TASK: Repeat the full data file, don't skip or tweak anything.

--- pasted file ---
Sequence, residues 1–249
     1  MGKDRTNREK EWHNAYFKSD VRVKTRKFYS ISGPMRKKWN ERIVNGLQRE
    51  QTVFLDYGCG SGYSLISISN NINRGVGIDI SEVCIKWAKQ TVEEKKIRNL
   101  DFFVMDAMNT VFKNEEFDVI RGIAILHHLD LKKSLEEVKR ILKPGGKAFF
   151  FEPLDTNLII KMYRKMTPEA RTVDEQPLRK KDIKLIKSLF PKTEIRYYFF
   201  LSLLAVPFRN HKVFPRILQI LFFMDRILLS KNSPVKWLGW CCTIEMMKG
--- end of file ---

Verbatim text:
Sequence, residues 1–249
     1  MGKDRTNREK EWHNAYFKSD VRVKTRKFYS ISGPMRKKWN ERIVNGLQRE
    51  QTVFLDYGCG SGYSLISISN NINRGVGIDI SEVCIKWAKQ TVEEKKIRNL
   101  DFFVMDAMNT VFKNEEFDVI RGIAILHHLD LKKSLEEVKR ILKPGGKAFF
   151  FEPLDTNLII KMYRKMTPEA RTVDEQPLRK KDIKLIKSLF PKTEIRYYFF
   201  LSLLAVPFRN HKVFPRILQI LFFMDRILLS KNSPVKWLGW CCTIEMMKG